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  ISO 9001/4:2000
  QMS and ISO certification

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Author Topic:   QMS and ISO certification
posted 09 March 2001 10:18 AM           Edit/Delete Message   Reply w/Quote
I would appreciate if someone could please state for me the benefits of implementing a quality management system and possibly obtain ISO certification for a Service industry - I need to get top management buy-in on this matter and I need very strong arguments. Any suggestions are welcome!

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posted 09 March 2001 10:31 AM     Click Here to See the Profile for dbulak   Click Here to Email dbulak     Edit/Delete Message   Reply w/Quote
I asked basically the same question. There is an excellent reply from David Mullins. Look at QMS dated March 1, 2001. It is a good start.

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posted 12 March 2001 03:55 AM           Edit/Delete Message   Reply w/Quote
I did, thank you!
I was hoping however to get more help on how to gain buy-in from top management in a service industry, as my impression is that proper quality management is not considered a fundamental element of the company's success

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From:Rochester, NY
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posted 12 March 2001 02:15 PM     Click Here to See the Profile for ISO GUY   Click Here to Email ISO GUY     Edit/Delete Message   Reply w/Quote
Originally posted by Paola:
as my impression is that proper quality management is not considered a fundamental element of the company's success

Could you explain that? I dont mean to sound stupid but I would like to know why you feel this way.

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David Mullins
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From:Adelaide, South Australia, Australia
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posted 12 March 2001 06:19 PM     Click Here to See the Profile for David Mullins   Click Here to Email David Mullins     Edit/Delete Message   Reply w/Quote
Service industry, manufacturing, mining, processing - does it reall matter?

There is no formula for this.

1. You need to determine who your Key Stakeholders are.
2. Determine how the project will impact them (what needs are satisfied, what areas create conflict for them)(e.g. - this can be used when constructing a risk managemenet table).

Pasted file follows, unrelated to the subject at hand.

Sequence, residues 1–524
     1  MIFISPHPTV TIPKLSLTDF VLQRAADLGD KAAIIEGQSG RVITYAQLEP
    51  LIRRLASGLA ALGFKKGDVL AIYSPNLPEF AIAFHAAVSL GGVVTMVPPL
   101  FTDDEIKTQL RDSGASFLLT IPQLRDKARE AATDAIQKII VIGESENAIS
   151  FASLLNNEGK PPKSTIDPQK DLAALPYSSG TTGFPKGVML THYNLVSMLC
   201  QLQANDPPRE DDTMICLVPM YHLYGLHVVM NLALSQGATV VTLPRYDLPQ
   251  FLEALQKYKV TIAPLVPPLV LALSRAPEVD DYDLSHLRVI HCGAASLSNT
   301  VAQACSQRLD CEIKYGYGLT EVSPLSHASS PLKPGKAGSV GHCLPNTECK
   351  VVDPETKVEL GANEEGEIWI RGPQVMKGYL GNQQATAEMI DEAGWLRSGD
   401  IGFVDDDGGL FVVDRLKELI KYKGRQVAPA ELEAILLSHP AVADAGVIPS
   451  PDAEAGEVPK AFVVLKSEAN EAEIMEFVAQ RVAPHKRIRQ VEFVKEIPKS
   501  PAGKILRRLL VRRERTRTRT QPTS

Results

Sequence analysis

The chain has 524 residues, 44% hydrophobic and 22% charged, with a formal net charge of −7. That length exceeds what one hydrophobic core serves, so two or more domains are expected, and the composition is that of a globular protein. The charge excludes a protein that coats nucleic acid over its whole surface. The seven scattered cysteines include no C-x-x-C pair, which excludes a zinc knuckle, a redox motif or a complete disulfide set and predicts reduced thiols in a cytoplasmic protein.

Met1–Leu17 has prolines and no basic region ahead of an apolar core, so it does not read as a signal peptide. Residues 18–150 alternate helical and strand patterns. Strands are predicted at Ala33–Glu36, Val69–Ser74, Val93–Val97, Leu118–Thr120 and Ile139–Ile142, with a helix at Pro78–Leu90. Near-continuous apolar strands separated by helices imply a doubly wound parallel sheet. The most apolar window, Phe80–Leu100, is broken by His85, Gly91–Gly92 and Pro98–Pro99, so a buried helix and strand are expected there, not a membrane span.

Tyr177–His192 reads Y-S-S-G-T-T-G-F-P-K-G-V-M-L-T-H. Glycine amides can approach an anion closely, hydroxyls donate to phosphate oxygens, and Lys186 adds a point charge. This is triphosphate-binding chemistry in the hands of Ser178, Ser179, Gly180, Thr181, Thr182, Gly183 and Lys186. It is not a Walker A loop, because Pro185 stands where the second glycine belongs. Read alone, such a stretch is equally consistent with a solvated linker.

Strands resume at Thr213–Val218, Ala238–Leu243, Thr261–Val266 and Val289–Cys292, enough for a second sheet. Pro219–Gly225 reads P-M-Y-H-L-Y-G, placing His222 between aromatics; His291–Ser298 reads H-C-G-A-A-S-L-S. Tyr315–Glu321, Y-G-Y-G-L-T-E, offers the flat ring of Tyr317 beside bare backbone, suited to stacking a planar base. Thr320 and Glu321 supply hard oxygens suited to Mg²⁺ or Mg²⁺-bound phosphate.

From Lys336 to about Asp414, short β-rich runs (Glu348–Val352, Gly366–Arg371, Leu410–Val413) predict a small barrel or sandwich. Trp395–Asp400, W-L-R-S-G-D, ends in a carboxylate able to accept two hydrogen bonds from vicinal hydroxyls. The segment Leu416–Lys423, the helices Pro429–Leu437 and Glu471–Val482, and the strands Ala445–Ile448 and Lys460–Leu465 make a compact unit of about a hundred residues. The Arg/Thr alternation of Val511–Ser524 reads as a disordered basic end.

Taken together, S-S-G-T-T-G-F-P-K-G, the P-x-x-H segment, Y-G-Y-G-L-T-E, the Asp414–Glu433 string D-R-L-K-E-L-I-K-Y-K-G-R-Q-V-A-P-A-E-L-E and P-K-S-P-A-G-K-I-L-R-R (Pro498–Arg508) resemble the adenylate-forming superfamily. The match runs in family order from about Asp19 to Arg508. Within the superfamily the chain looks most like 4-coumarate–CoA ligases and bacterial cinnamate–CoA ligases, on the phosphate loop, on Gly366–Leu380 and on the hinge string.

3. Determine what impact they can have on the project.
4. Sit them all down together (where practicable) and explain what the project is about - what is to be achieved, tell them what you want from them, get them to air their concerns and discuss how these will be dealt with.
5. Get them to confirm their committment before they leave the room. This can be done simply if confidence is high, or you can get everybody to sign a committment charter if you think that is what it will take.

SHORT VERSION: Identify the key stakeholders, determine what their needs and expectations are, and then manage and influence those expectations to ensure a successful outcome.
In general, differences between or among stakeholders should be resolved in favour of the customer.

I usually do a 1 on 1 with the CEO/President/MD and tell them that I need them to be visually supporting the project through words or actions.

I frequently use the signed Quality Policy to highlight to employees that this document signifies senior management's committment to supplying the necessary resources and skills to achieve the goals of the project.

A management representative for quality is usually appointed or employed because the company has a need. This may be market driven, or improvement driven. Either way, the fact you have a job is recognition by the company that this needs to happen, and everyone in management needs to get on board.

Hope this helps.


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Al Dyer
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From:Lapeer, MI USA
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posted 12 March 2001 06:58 PM     Click Here to See the Profile for Al Dyer   Click Here to Email Al Dyer     Edit/Delete Message   Reply w/Quote

In response to your last post, I hope you didn't get that impression from your management. If you did you are in for a long bumpy ride!


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posted 13 March 2001 03:55 AM     Click Here to See the Profile for Paola     Edit/Delete Message   Reply w/Quote
In reply to Iso Guy and Al, well, unfortunately this seems to be the general attitude in the company I am working in, which in a way is a bit of a contradiction. As David says, if I have a job in quality it means that the company recognises the need to do something about it.
Thank you David for your advice!

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